Ex-aide to Bush is guilty of theft

August 05, 2006|By MCCLATCHY TRIBUNE

Rockville -- Former White House domestic policy adviser Claude A. Allen tearfully pleaded guilty to a misdemeanor theft charge yesterday, telling a Montgomery County Circuit Court judge that he lost his bearings while working 14-hour days and getting too little sleep in the "tumultuous time" after Hurricane Katrina.

"Something did go very wrong," said Allen, who began crying during his three minutes of remarks to the court. "I lost perspective and failed to restrain myself. ... I did not realize or fully appreciate what was going on."

Still, Allen, who was nominated as a federal judge by President Bush, insisted he was not trying to offer excuses or shirk responsibility for what police have described as a phony refund scheme involving the theft of more than $5,000 in merchandise from Target and Hecht's.

"I fully admit my transgressions and take responsibility," said Allen, 45. "I am intensely and immensely sorry ... [and] deeply ashamed."

When he was arrested in March, Allen was charged with felony theft. Yesterday, as part of a deal agreed to by the prosecution, he pleaded guilty to a single count of misdemeanor theft for stealing items worth less than $500.

Allen will serve no jail time. He was put on supervised probation for two years, with permission to travel outside Maryland.

He was also assigned 40 hours of community service, which Circuit Judge Eric Johnson said should be spent helping young people - "coaching soccer, reading [them] Shakespeare" or any other activity, the judge said. Allen also has to pay $850 in restitution to Target and a $500 fine.

Over the prosecution's opposition, the judge also agreed to Allen's request for probation before judgment. That means Allen will not have a criminal conviction on his record if he stays out of trouble during his probation period and will likely find it easier to persuade bar associations to let him continue practicing law.

Johnson stressed that Allen's White House job was not a consideration in deciding his sentence, that he was getting the same deal that others get who have "no prior criminal transgressions."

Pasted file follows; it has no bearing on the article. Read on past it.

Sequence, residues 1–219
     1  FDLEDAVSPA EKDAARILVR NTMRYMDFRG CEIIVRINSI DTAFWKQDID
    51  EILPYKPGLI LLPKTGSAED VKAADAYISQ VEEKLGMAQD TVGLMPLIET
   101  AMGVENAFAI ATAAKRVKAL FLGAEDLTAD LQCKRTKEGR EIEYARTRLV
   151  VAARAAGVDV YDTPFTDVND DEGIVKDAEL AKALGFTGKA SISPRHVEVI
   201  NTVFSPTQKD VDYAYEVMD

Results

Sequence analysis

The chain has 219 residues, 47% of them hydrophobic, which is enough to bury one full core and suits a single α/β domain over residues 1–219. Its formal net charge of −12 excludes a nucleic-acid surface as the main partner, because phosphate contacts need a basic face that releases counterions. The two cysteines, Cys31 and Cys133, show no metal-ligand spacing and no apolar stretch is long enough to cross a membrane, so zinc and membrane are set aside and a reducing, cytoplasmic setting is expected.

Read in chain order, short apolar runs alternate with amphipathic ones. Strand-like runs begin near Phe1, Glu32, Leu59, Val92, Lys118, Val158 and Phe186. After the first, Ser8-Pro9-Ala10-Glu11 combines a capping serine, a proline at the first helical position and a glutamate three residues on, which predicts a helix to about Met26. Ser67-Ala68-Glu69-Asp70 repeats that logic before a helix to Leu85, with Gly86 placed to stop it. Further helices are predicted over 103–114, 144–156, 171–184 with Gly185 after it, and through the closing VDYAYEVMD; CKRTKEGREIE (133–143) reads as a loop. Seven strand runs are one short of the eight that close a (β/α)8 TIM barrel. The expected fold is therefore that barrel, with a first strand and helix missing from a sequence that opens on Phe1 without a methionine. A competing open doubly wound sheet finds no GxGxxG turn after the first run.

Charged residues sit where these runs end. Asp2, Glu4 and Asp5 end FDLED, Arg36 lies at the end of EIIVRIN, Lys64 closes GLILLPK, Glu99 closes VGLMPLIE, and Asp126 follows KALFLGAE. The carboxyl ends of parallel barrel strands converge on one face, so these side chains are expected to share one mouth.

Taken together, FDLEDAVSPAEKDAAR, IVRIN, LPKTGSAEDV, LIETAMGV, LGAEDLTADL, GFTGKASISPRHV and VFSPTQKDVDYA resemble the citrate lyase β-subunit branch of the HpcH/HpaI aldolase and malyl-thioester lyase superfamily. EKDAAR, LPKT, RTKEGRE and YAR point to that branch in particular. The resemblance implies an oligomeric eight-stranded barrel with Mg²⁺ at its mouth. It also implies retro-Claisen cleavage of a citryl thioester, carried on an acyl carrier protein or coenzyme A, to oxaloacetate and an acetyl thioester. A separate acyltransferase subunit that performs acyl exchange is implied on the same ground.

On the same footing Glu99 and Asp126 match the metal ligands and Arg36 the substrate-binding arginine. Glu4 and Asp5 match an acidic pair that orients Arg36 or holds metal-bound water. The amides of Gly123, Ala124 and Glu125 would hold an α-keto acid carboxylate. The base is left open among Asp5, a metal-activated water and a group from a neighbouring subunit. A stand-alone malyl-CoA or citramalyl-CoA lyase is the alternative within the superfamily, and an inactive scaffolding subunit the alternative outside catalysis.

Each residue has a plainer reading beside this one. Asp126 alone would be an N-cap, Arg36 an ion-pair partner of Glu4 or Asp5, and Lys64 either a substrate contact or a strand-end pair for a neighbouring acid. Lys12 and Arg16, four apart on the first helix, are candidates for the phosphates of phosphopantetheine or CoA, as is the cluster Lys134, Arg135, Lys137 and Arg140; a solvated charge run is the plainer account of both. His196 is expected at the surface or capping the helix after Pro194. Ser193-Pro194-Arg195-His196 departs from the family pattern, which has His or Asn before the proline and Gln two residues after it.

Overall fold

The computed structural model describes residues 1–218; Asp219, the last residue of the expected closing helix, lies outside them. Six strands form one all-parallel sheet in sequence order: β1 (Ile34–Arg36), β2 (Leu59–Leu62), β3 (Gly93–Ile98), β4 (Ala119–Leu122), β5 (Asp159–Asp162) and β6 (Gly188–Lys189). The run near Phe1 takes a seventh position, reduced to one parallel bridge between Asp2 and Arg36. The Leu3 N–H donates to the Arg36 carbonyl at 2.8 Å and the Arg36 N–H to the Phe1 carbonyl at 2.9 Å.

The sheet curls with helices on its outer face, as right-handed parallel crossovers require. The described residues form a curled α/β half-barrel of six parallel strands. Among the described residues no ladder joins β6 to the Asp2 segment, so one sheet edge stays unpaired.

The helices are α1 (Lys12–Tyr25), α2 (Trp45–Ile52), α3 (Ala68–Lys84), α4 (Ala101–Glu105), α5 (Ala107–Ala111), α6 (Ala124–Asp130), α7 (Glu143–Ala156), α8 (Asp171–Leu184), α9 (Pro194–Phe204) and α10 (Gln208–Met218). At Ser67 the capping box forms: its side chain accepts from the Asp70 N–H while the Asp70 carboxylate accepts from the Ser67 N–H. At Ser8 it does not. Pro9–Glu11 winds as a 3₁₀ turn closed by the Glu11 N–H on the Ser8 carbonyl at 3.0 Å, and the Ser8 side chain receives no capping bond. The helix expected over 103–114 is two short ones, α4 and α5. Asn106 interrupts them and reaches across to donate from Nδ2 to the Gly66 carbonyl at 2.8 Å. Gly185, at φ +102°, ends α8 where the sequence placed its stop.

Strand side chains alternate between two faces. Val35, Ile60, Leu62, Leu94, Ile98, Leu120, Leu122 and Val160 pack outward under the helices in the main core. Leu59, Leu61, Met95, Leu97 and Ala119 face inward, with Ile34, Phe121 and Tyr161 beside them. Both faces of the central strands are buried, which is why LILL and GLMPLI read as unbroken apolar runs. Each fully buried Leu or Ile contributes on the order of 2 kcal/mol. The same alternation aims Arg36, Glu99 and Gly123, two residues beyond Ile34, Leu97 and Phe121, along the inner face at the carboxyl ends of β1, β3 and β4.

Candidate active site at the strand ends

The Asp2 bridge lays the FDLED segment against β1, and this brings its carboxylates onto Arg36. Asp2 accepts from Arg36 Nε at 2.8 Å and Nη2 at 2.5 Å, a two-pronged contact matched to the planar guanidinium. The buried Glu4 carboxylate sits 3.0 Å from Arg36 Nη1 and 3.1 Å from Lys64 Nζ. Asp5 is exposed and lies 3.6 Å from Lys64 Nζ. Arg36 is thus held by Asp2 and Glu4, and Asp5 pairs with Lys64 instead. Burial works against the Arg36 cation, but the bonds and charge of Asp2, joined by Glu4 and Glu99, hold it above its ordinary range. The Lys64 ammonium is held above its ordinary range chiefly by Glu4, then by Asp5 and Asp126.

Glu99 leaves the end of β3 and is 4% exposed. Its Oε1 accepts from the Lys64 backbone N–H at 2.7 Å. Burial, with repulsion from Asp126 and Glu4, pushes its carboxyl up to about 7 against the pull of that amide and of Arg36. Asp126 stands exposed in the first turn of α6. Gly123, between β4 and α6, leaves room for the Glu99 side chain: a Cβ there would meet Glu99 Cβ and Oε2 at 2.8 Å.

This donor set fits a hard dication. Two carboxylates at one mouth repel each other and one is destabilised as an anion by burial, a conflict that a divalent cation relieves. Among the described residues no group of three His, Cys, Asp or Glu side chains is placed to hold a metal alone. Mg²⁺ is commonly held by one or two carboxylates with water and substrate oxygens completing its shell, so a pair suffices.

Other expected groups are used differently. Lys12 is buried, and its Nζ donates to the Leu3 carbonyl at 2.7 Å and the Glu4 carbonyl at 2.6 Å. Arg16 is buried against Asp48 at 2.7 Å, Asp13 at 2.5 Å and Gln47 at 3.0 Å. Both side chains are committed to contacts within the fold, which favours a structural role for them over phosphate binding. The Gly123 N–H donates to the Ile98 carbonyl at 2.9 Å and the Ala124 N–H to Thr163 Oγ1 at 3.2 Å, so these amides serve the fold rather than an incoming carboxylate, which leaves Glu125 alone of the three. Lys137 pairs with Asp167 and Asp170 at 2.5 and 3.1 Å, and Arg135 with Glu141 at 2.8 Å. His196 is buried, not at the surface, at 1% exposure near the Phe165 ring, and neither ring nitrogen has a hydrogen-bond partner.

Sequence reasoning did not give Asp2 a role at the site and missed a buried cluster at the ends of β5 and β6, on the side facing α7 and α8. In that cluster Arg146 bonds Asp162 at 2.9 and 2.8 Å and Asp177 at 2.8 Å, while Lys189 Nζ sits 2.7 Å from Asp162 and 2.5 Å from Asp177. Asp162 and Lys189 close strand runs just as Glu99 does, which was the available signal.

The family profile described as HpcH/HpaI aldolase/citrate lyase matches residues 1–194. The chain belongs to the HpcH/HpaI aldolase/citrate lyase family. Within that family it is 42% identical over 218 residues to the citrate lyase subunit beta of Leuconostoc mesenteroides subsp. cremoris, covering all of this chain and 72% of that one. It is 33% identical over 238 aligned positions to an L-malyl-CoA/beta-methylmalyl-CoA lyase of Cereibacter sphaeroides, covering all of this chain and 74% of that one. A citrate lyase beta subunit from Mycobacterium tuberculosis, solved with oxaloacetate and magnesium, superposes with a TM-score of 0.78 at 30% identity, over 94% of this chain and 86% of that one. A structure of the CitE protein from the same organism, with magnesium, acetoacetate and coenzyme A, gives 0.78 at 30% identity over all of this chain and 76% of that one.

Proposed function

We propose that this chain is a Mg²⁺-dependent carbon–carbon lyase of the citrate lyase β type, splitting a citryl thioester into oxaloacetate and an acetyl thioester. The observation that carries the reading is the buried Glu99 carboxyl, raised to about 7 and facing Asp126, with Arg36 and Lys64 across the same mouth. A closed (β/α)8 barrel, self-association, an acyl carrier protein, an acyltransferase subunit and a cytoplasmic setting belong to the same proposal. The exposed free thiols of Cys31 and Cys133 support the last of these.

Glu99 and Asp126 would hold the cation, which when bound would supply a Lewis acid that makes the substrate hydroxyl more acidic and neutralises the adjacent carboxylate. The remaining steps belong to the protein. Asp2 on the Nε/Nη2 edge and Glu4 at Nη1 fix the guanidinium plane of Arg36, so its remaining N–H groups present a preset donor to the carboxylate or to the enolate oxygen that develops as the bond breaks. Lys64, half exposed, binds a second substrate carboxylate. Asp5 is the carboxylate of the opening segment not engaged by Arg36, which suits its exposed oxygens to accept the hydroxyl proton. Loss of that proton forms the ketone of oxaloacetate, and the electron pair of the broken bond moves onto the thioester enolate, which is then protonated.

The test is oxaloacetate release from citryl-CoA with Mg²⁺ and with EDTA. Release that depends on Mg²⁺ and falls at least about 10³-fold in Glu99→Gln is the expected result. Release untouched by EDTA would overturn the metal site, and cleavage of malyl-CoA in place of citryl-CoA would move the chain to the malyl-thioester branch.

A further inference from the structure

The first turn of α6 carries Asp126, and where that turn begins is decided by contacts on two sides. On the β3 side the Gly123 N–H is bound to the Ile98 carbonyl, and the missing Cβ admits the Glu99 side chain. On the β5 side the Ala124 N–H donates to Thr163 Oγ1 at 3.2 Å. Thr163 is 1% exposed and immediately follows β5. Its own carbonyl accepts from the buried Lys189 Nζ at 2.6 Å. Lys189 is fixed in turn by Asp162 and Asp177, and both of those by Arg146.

In 2003, Allen, living in Virginia at the time, was nominated to serve on the U.S. Court of Appeals for the 4th Circuit. Allen's nomination was blocked by Maryland's two Democratic senators, Barbara A. Mikulski and Paul S. Sarbanes.

Montgomery County State's Attorney Douglas F. Gansler, who oversaw the prosecution and is a Democrat running for state attorney general, said Allen's sentence was "fair and reasonable." But he said his office opposed the defense attorneys' plea for a deal that could eventually keep Allen's record clean because the thefts were not an isolated incident, but "a long-term shoplifting scheme."

The judge said in court that he was convinced that Allen was "legitimately remorseful" and won't likely be charged in other crimes.

A rising star in conservative political circles and one of the GOP's few African-American stars, Allen was hired in 2005 to be President Bush's top domestic policy adviser. He left the $161,000-a-year job in February, saying he wanted to spend more time with his family. A month later, he was arrested.

Baltimore Sun Articles
Please note the green-lined linked article text has been applied commercially without any involvement from our newsroom editors, reporters or any other editorial staff.